News from BRICUP
Academics take the shine off Israelís tarnished prizes
Media release - 20 May 2016
For immediate release
- Professor Catherine Hall turns down the Dan David Prize
- Professor David Shulman donates his Israel Prize money to resistance group Ta’ayush
- Celebration of Israel’s intellectual status turns sour
It has been announced that Catherine Hall, one of the awardees this year of the generous Dan David Prize, has turned the offer down. Her name has been removed from the Dan David website, and she will not be at the ceremony at Tel Aviv University on May 22nd. Professor Hall is a celebrated British feminist historian, carrying out path breaking work on the colonial structures and legacies of British-Caribbean slave ownership.
Professor David Shulman of the Hebrew University in Jerusalem received the Israel Prize for Religious Studies on Thursday May 12th for his “breakthrough studies on the religion, literature, and culture of southern India“. He announced that he would donate his 75,000 shekel (£14,000) cash prize to Ta'ayush, an Israeli group that assists Palestinian residents of the South Hebron Hills. He released a video documenting the attacks on Palestinians by settlers and the IDF.
Professor Richard Seaford, Emeritus Professor of Classics at Exeter University, commented “The illegal colonisation and the repressive measures of the Israeli government have now irredeemably tarnished Israel’s ‘glittering prizes’. For academics outside Israel, boycott of all activities relating to the Israeli state and universities is rapidly becoming the default position.”
BRICUP supports the boycott of Israeli universities, and of academic events associated with the Israeli state. In 2013 Stephen Hawking withdrew from attending the Israeli ‘President’s Conference’. The Academic Commitment for Palestine http://www.commitment4p.com/ has now been signed by 700 British academics.
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NOTES FOR EDITORS
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1. The Dan David Prizes
Each year there are 3 Dan David Prizes worth $1 million in total. They are awarded to non-Israeli academics whose research is oriented towards the past, the present and the future. Each Prize is normally divided among two or three winners. The Prizes are presented at Tel Aviv University, frequently by the President of Israel. See http://www.dandavidprize.org/about/about-the-prize
2. Catherine Hall
Catherine Hall is Professor of Modern British Social and Cultural History at University College London. Her Dan David Prize was listed in the ‘Past’ category. The citation said that the award was based on her work’s “impact on social history, as a pioneer in gender history, race and slavery.” She currently holds major AHRC/ESRC funded projects on the structures and legacies of British-Caribbean slave ownership which are politically and academically ground-breaking.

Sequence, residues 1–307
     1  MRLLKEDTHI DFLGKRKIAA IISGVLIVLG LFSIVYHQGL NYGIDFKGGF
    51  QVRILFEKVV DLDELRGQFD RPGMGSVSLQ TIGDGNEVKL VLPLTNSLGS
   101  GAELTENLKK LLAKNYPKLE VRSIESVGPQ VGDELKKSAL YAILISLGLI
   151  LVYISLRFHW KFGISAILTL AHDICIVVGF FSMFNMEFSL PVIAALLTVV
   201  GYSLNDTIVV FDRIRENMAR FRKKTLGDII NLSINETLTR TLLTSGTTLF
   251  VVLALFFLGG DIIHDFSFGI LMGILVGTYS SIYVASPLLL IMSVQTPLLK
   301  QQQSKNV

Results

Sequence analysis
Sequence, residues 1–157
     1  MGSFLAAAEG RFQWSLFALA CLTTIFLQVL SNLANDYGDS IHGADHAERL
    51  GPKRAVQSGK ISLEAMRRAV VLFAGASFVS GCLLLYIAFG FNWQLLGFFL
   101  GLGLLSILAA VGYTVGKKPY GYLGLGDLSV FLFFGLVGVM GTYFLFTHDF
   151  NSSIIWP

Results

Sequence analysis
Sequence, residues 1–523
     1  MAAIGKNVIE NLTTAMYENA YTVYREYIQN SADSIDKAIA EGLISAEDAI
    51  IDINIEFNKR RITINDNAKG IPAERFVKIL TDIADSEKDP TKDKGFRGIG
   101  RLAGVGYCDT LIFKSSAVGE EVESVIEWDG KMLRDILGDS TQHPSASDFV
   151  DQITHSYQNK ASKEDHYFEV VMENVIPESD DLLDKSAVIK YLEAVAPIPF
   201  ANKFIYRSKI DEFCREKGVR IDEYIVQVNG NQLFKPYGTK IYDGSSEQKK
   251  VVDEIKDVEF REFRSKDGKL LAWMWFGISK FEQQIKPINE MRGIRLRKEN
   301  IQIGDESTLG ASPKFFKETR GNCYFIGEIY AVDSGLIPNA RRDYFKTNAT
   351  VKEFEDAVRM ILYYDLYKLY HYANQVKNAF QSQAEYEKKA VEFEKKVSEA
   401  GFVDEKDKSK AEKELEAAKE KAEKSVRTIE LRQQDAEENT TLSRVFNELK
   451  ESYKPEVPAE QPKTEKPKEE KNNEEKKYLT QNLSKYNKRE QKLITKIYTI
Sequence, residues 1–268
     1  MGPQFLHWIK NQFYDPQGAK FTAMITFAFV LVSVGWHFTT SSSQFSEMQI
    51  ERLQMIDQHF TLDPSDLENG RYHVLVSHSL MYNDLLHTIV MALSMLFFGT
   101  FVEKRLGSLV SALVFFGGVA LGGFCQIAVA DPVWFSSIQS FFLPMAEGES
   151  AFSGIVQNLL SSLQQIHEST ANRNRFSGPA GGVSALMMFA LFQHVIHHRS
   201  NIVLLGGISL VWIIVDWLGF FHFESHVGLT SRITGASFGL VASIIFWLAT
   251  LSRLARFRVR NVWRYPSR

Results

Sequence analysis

Catherine Hall communicated the following to BRICUP:
‘My statement is that I have withdrawn from the prize – this was an independent political choice, undertaken after many discussions with those who are deeply involved with the politics of Israel-Palestine, but with differing views as to how best to act. ‘
See http://www.bricup.org.uk/documents/archive/bricupnewsletter99.pdf for more details.
4. Israel Prize
The Israel Prize is generally regarded as the Israeli state's highest honour. It is presented annually, on Israeli Independence Day (the day after Nakba Day, which is commemorated by Palestinians) in a state ceremony in Jerusalem, in the presence of the President, Prime Minister, Speaker of the Knesset and Supreme Court President.
The prize has often been wreathed in controversy – see https://en.wikipedia.org/wiki/Israel_Prize
5. David Shulman
Professor David Shulman is Renee Lang Professor of Humanistic Studies at the Hebrew University in Jerusalem. The Israel Prize award cites his ground-breaking research on the religion, literature, and culture of southern India. It was presented on May 14th.
Professor Shulman is a long-standing member of Ta’ayush, an Israeli organisation working in partnership with Palestinians to help the residents of the South Hebron Hills resist repeated attempts by both settlers and the Israeli state to dislodge them. When the award was announced in February Professor Shulman said “I hesitated to accept this prize giving the deteriorating situation, which now includes persecution of Ta’ayush activists and other peace and human rights activists by the establishment and the far right, who seek to perpetuate the Occupation.”
Shulman’s donation of his prize money will help Ta’ayush pay for its primary expenses: legal fees for the activists who are constantly being arrested, the cases they build against the state, and the petrol needed to drive activists to the South Hebron Hills every week.